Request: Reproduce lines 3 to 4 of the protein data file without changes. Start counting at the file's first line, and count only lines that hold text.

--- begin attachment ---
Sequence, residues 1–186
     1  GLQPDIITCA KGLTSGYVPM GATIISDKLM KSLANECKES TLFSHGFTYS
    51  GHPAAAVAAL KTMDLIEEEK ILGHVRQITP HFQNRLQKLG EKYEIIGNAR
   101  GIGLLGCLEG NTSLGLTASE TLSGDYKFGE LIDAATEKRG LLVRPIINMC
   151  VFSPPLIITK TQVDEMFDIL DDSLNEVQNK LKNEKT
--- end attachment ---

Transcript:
    51  GHPAAAVAAL KTMDLIEEEK ILGHVRQITP HFQNRLQKLG EKYEIIGNAR
   101  GIGLLGCLEG NTSLGLTASE TLSGDYKFGE LIDAATEKRG LLVRPIINMC